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Bruins expecting high-end youth at development camp

Malcolm Subban was picked by the Bruins in the first round of the NHL Draft.

REUTERS

Malcolm Subban was picked by the Bruins in the first round of the NHL Draft.

At 10:30 a.m. on Thursday at Ristuccia Arena, the Bruins will showcase a welcome element at their annual development camp for the third straight summer: young high-end talent.

Dougie Hamilton, the team’s first-round pick in 2010, should be on the varsity roster in 2012-13. Malcolm Subban, selected 24th overall last Friday in Pittsburgh, projects to be a No. 1 NHL goalie. Ryan Spooner and Jared Knight, second-round picks in 2010, will kick off their pro careers in Providence this fall with the hopes of becoming top-six NHL forwards.

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It wasn’t always this way.

In 2007, when the Bruins kicked off their inaugural development camp, they rolled out some of their riches from previous drafts and trades. Tuukka Rask, swiped from the Toronto pipeline for Andrew Raycroft, hit the Ristuccia ice. Rask was joined by Milan Lucic and Brad Marchand, two of the three gems from the 2006 draft (Phil Kessel was the other). David Krejci, selected in the second round of the 2004 draft, was one of the camp’s graybeards.

With Tim Thomas out of the picture, Rask will be the No. 1 goalie in 2012-13. Lucic and Krejci are first-liners. Marchand is the No. 2 left wing.

But the Bruins then reached a valley in drafting and development. In retrospect, the 2007 draft was a black hole. Overall, it was an unusually weak class. But the Bruins didn’t help themselves by selecting Zach Hamill with the eighth overall pick. On May 26, the Bruins traded Hamill to Washington for Chris Bourque.

Of their six selections that year, only Tommy Cross remains team property. Cross will start 2012-13 in Providence and projects to be a bottom-pairing NHL defenseman.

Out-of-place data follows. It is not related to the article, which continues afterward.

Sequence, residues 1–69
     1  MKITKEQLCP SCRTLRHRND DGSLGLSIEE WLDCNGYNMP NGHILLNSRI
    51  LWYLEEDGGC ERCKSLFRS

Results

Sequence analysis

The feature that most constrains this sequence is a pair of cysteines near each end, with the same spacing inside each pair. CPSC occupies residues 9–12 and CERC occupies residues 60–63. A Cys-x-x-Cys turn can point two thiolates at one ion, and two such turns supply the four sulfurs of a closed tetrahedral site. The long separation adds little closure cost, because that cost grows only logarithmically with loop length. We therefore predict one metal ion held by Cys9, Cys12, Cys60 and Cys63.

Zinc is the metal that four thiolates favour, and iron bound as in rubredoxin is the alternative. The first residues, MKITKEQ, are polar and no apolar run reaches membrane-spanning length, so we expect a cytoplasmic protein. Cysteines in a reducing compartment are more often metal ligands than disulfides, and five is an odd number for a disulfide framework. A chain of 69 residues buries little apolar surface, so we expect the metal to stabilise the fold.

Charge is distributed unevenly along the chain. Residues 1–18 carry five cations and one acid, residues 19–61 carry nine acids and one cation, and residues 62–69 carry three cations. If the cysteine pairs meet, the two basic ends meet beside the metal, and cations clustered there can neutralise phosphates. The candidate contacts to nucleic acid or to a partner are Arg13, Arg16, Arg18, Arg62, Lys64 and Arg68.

They used Joe Colborne, their 2008 first-round pick, to nab Tomas Kaberle from Toronto. Jordan Caron, the club’s 2009 first-rounder, has yet to assert himself as a consistent NHL wing. Caron may have that opportunity with last week’s trade of Benoit Pouliot.

On Sept. 18, 2009, the Bruins’ draft fortunes changed. In what remains his boldest move since becoming Bruins general manager, Peter Chiarelli traded Kessel to Toronto for a pair of first-rounders and a second-round pick. The resulting bounty: Tyler Seguin, Knight, and Hamilton.

Seguin was the star attraction of the 2010 development camp. The latter two should be among the standouts at this one, which runs through Monday.

Of the pair, Hamilton is closer to NHL-ready. Long-term, he could become a better NHLer than Adam Larsson, the first defenseman drafted in 2011. New Jersey selected Larsson fourth overall.

Last season, Hamilton was named the Ontario Hockey League’s Defenseman of the Year because of his two-way dominance. In 50 games, Hamilton had 17 goals and 55 assists. He played for Canada in the World Junior Championship.

This summer, Hamilton will participate in the Canada-Russia Super Series, a set of exhibition games between youngsters from the two countries. Hamilton’s only blip in 2011-12 was a 10-game suspension for an illegal head shot.

Hamilton has learned all he can from the OHL. The 19-year-old defenseman is not eligible to play in the AHL next season. The NHL is his next step.

While Hamilton should be ready in 2012-13, it will take several more years for Subban to round into an NHL goalie. But the Bruins believe Subban, the first goalie selected last weekend, has the athletic ability and competitive exuberance to become a No. 1.

“His upside is so high,” said director of amateur scouting Wayne Smith. “The quality of kid and person he is, he’s tremendous. Anytime you can gain an asset like that, it’s very exciting. It’s the same as when you get a Doug Hamilton. These are the kind of people that you want in your organization. They’re winners.”

The Bruins don’t seem to have a future ace goalie in their system. Michael Hutchinson (third round, 2008), Zane Gothberg (sixth round, 2010), and Lars Volden (sixth round, 2011) are no guarantees to make the NHL. Niklas Svedberg, signed to a two-year contract May 29, never has played North American hockey. Svedberg, 23, most recently played for Brynas of the Swedish Elite League.

“This year, we seem to be talking more about goalies,” Chiarelli said prior to the draft. “It quieted down a little bit after we signed Svedberg. He’s 23. We’ve got some good young ones in the pipeline, but it’s an area where we’d like to get a little deeper.”

The Bruins need some young players to freshen their lineup and infuse others with their energy. Of the 20 players in uniform for Game 7 against the Capitals this spring, six were drafted by Boston: Lucic, Krejci, Marchand, Seguin, Caron, and Patrice Bergeron. If the team’s current youngsters develop as hoped, that group of six will have company shortly.

Fluto Shinzawa can be reached at fshinzawa@globe.com. Follow him on Twitter @GlobeFluto.
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